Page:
Published April 30, 2020 by Rebecca McDaniel | Share this post!
Ritual Music (2004) David Skidmore (b. 1982)
Shed (2019) Bana Haffar (b. 1987)
Third Construction (1941) John Cage (1912-1992)
This concert is brought to you by Black Mountain College Museum + Arts Center and the generous support of Russ Irwin.
This program is partially supported by a grant from the Illinois Arts Council Agency.
The compositions of Third Coast Percussion member David Skidmore are performed regularly in concert halls and universities across the country. In 2011, his multi-movement work Common Patterns in Uncommon Time was commissioned by Frank Lloyd Wright scholar Sidney K. Robinson to commemorate the 100th Anniversary of Taliesin, home of the Frank Lloyd Wright School of Architecture. In 2007 his piece, Unknown Kind, was premiered at Carnegie Hall. He has also received commissions from the Rush Hour Concert Series in Chicago, and a number of leading percussion soloists and pedagogues.
Ritual Music was written for the Chicago dance company Raizel Performances and was premiered in collaboration with that group in the spring of 2005, and became a staple of Third Coast Percussion’s repertoire when the quartet was formed that same year. To this day, TCP performs this early Skidmore work regularly as part of its flagship education program, introducing students to the timbral, melodic, and rhythmic elements of percussion music. This “overture for percussion” was conceived as variations on the numbers 2 and 4; in contrast to the raw energy of the music’s character in performance, the pitch content in the marimba, rhythmic motifs, and the structure of phrases were all determined numerically.
Duration: 7 minutes
David Skidmore photo by Saverio Truglia.
A lifelong expatriate, Bana Haffar was born in Saudi Arabia in 1987 and spent much of her childhood in the GCC. Through her switch from electric bass to modular synthesizers in 2014, Bana is attempting to dismantle years of institutional ‘conditioning’ in traditional systems of music theory and performance. She is interested in exploring sonic disintegration and coalescence into new forms and synthesized experiences. She is currently engaging with the materiality of sound, the essence of cloth, and the symbiosis of the machine and handmade by transposing weaving draft notation into graphic scores and rhythmic sequencing.
“When I was approached by Black Mountain College Museum to compose a piece for Third Coast Percussion, I immediately turned to Anni Albers’ On Weaving, a book that had been waiting patiently on my studio desk for several months. Mystified by the meticulously hand drawn matrices in her book, I knew I had to attempt to translate these images into sound. And so began the journey into the unknown world of weaving and the quest for the materiality of sound.
“Anni Albers’ writings were touchstones throughout the process. The motifs of surrendering to the well of creative freedom within self-selected limitations, developing a closeness with materials, and following one’s personal line of intuition to its terminus were revisited often in her texts. Shed grew out of these broad themes. The symbiosis of the machine and the handmade was the next line of thought, followed by the revelation of repetition as vehicle for dissolution – a notion that seemed to be implicitly understood in the craft realm. Finally came the transformation in meaning of the word shed, moving it from noun to verb, pushing beyond a technical term in weaving to a directive.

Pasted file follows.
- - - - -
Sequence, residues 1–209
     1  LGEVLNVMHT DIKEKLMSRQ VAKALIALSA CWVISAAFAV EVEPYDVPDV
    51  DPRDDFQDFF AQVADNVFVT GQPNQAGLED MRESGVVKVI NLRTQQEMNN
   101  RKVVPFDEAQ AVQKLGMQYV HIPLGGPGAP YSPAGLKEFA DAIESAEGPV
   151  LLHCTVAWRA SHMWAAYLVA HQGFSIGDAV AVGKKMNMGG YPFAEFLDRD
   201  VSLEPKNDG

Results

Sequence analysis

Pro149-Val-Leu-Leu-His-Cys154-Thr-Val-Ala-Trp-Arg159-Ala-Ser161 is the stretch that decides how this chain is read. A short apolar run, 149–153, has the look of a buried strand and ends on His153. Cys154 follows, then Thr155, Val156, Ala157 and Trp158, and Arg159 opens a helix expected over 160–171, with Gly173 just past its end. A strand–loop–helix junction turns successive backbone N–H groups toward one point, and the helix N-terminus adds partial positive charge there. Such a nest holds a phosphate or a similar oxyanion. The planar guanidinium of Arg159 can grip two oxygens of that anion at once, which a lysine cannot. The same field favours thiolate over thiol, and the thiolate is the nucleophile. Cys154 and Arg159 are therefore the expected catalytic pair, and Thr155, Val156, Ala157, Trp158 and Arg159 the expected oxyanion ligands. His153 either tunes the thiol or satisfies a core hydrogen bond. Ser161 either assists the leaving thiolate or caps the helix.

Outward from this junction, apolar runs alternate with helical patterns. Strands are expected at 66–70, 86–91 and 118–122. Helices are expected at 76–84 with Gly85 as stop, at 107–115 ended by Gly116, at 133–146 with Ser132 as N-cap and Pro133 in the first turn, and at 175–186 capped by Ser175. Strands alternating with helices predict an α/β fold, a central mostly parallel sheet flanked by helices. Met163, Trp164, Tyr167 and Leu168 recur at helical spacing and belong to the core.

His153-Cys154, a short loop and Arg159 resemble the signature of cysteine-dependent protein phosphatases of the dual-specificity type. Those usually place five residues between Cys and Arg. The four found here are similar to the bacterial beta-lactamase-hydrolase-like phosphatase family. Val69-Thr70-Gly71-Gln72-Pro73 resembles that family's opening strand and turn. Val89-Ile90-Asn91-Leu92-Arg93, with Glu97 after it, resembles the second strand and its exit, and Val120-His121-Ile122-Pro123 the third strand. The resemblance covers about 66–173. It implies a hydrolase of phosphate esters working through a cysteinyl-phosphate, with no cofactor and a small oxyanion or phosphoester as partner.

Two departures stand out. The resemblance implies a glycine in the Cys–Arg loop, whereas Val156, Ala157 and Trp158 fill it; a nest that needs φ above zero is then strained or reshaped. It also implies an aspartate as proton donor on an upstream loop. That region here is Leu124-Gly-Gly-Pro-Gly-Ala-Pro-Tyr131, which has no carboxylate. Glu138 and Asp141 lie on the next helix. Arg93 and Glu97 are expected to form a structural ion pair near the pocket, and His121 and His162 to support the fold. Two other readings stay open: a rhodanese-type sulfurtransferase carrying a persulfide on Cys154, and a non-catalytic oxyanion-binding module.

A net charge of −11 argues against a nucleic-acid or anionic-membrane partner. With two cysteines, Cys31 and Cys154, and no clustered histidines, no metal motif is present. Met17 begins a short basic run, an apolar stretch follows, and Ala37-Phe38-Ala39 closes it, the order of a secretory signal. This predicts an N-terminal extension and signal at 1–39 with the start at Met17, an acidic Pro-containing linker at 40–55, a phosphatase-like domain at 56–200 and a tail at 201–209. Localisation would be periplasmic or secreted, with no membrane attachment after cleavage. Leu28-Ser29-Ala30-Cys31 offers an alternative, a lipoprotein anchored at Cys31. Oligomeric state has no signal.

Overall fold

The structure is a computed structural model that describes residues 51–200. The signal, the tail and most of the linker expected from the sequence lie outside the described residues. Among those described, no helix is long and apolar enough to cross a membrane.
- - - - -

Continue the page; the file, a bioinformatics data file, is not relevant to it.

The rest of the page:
“The simplicity in repetition and the profound focus I sensed in Anni Albers’ work formed the basis of the quest for the materiality of sound, rather than its musical meaning, and its transformation into a singular and intangible craft object.” – Bana Haffar
“Shed” by Bana Haffar was commissioned for Third Coast Percussion by Black Mountain College Museum + Arts Center.
Duration: 15 minutes
Bana Haffar photo by David Skidmore.
To refer to John Cage (1912-1992) as a composer would be an understatement; his ideas and influences on music and art are so far-reaching that he is often also deemed a poet, a philosopher, or, perhaps most fitting and all-encompassing, an artist. A revolutionary thinker who studied composition under Henry Cowell and Arnold Schoenberg, Cage produced work that centered primarily on the belief that there is no distinction between “sound” and “music.” This belief led Cage to experiment with the timbral possibilities of percussion instruments and everyday objects. In doing so, Cage freed himself from traditional, harmonic-centered modes of music theory and foregrounded new possibilities for contemporary percussion music. His early works are some of the first pieces written for percussion ensemble, and they remain staples of the repertoire more than 70 years after they were first imagined.
Third Construction utilizes a wide array of instruments, including tin cans, split pieces of bamboo, a conch shell and the “lion’s roar,” a modified drum that uses friction to create an animal-like groaning sound. Despite very complex rhythms that often displace the listener’s perception of the beat, the piece is in entirely in cut time, and follows its own numerical form, a more complex version of the ‘square’ form used in his First and Second Constructions. In this case, there are 24 sections of 24 measures each. In Third Construction, Cage created a great sense of fluidity and unpredictability with an extra twist in his numerical structure: the players’ phrases constantly seem to overlap and interrupt each other, because each musician’s phrases are grouped according to a different scheme within the 24 measure sections (for instance, the first player’s phrases are always 2-8-2-4-5-3, while the fourth player’s are 8-2-4-5-3-2).
Duration: 10 minutes